All of them, those in power, and those who want the power, would pamper us, if we agreed to overlook their crookedness by wilfully restricting our activities.
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LOS ANGELES—Gerald Armstrong steadfastly maintained Thursday that for 11 years he worked only for L. Ron Hubbard, and he refused to acknowledge Church of Scientology lawyers' contentions he was actually a sect employee.
Time and again during his Superior Court trial, Armstrong brushed off suggestions of his sect employment, insisting he worked for Scientology founder Hubbard—regardless of the chain of command.
"I was a Scientologist, and I worked for Mr. Hubbard," the former Scientology archivist told Superior Court Judge Paul G. Breckenridge.
Armstrong is charged by the Church of Scientology of California (CSC) with taking 10 thousand documents he collected while working on Hubbard's biography and kept when he fled the Clearwater-based organization in 1981. A great part of Armstrong's defense is his contention that he worked for Hubbard. Armstrong said neither the sect nor Hubbard's wife, Mary Sue, have a legal claim to the contested documents currently under court seal.
The sect, however, claims ownership of the "personal and private" papers, letters and recordings. It is demanding their return unsealed along with unspecified monetary damages.
Armstrong consistently refused to answer certain questions "yes" or "no" during cross-examination Thursday, choosing instead to elaborate on or explain his answers. Armstrong, who is not a high school graduate, has an expansive vocabulary and on several occasions clarified questions of semantics and definition for sect attorney Barrett Litt.
"He's the best witness I have ever seen in my 14 years of practicing law," said defense attorney Michael Flynn.
Nonetheless, Litt continued to point out Armstrong's apparent connections to various organizations beneath the umbrella of Scientology. Litt concluded that the former researcher must have been a Scientology employee.
In a Nov. 25, 1981 letter, Armstrong wrote to the sects' Commodores' Messenger Organization (CMO) stating: "If (my performance as archivist) is unsatisfactory and I should not he on this project ... please let me know."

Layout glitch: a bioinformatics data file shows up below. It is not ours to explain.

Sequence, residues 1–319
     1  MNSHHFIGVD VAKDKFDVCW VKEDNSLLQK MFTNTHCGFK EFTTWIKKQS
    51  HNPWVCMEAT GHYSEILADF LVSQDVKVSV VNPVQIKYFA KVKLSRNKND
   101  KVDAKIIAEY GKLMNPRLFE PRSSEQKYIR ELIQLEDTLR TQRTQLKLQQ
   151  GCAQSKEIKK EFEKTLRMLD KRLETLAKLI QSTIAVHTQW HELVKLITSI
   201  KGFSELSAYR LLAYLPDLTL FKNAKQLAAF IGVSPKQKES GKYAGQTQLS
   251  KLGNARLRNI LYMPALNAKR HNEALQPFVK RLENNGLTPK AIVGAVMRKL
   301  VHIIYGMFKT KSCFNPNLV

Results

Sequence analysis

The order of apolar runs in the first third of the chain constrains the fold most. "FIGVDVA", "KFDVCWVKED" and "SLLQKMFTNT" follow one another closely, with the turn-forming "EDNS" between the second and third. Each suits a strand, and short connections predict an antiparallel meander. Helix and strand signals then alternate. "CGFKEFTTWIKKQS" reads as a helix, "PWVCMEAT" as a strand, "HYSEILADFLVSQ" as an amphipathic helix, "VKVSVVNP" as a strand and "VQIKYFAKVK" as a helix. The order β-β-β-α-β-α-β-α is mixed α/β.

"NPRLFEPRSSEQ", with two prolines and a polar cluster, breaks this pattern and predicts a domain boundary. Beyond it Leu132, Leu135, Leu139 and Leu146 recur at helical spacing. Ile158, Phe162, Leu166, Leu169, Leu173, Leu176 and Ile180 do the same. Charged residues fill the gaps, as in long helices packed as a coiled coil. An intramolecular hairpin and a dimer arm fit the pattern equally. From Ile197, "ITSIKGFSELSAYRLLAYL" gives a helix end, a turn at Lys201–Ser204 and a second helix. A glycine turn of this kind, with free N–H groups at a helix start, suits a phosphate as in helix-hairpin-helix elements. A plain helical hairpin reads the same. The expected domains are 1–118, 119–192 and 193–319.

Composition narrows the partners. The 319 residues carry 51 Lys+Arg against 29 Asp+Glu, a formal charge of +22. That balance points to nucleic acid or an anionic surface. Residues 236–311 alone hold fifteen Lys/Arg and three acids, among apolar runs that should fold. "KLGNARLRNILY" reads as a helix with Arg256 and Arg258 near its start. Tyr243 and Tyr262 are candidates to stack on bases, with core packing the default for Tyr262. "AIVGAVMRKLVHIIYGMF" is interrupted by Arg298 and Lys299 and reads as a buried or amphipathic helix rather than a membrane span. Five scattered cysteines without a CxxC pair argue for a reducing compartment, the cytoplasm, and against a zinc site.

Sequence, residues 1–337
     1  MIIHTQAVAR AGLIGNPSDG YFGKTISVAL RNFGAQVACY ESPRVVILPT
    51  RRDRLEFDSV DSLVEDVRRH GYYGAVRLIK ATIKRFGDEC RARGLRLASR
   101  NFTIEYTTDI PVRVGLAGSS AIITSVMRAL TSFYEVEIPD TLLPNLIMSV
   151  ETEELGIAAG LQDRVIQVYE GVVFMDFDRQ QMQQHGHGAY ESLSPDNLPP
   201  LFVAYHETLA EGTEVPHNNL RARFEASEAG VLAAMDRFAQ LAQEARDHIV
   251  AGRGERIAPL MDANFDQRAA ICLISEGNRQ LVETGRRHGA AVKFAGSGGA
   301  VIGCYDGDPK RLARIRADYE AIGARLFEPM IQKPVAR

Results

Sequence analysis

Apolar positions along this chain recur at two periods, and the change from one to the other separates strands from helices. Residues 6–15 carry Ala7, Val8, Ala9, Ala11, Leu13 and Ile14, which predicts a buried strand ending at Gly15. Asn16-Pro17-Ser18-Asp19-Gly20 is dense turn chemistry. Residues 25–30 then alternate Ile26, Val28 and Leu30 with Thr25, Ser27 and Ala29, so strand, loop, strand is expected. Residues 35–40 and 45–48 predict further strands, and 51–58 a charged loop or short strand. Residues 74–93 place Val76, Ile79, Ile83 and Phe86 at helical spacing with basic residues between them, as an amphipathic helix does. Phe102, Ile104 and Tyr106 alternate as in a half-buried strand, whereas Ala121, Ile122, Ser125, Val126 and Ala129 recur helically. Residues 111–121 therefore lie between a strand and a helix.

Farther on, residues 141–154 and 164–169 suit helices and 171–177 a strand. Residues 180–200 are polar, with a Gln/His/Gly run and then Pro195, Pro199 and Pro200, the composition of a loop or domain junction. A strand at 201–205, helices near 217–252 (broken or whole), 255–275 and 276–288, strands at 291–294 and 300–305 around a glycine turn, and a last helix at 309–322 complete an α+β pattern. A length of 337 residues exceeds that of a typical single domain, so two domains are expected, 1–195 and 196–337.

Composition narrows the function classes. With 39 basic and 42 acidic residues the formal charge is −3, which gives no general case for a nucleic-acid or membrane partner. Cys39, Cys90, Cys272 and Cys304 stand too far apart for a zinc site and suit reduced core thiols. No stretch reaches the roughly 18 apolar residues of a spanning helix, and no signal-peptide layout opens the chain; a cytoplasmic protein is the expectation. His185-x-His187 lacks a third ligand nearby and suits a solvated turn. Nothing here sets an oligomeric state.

"Could it be concluded that the CMO had the authority to take Armstrong off the project?" asked Litt.
"In a sense, yes; in a sense, no," Armstrong replied. "They were acting for him (Hubbard)."
Litt introduced a May 25, 1980, letter from Armstrong to the sects' Guardian Office detailing a problem with the U.S. Immigration and Naturalization Service. "There is one action I could use some help on, and that is a letter of employment by the Church ..." Armstrong requested.
Litt wanted to know if that meant Armstrong needed a letter stating that he worked for the Church.
"No," Armstrong said, explaining that the request was for other sect officials who were having problems with the INS.
Litt and Armstrong discussed contracts, checks, directorships, corporate organization and past discussions, all of which pertained to the Church of Scientology. Through it all, Armstrong maintained his only employer was Hubbard.
Armstrong did acknowledge changing the date on a Xeroxed Oct. 15, 1980, letter to Mary Sue Hubbard in which he made suggestions how various "church organizations" could aid in the biography project.
When Litt produced the original letter, on which the date had clearly been changed to Oct. 31 and White-Out used to change the first paragraph, Armstrong explained his superior had made suggested changes.
He said he made the changes, altered the date and forwarded the letter to Mrs. Hubbard.
When Litt introduced a letter from Armstrong's superior saying, "Right now, you are working for CSC and supported by SOR (Sea Organization Reserves bank account)," Armstrong acknowledged that "ostensively" they were his employers.
"That's who I was working for, ostensively," he said, adding that a number of sect corporations were created so that "Mr. Hubbard could—at arm's length control Scientology organizations."
But sect spokesman Sandy Block scoffed at Armstrong's claims, saying Scientology lawyers "have the documentation to prove that he worked for Scientology."
Armstrong's trial, now in its third week, continues today when sect lawyers are expected to continue their cross-examination of Armstrong. Lawyers for both sides say the trial is expected to last through next week.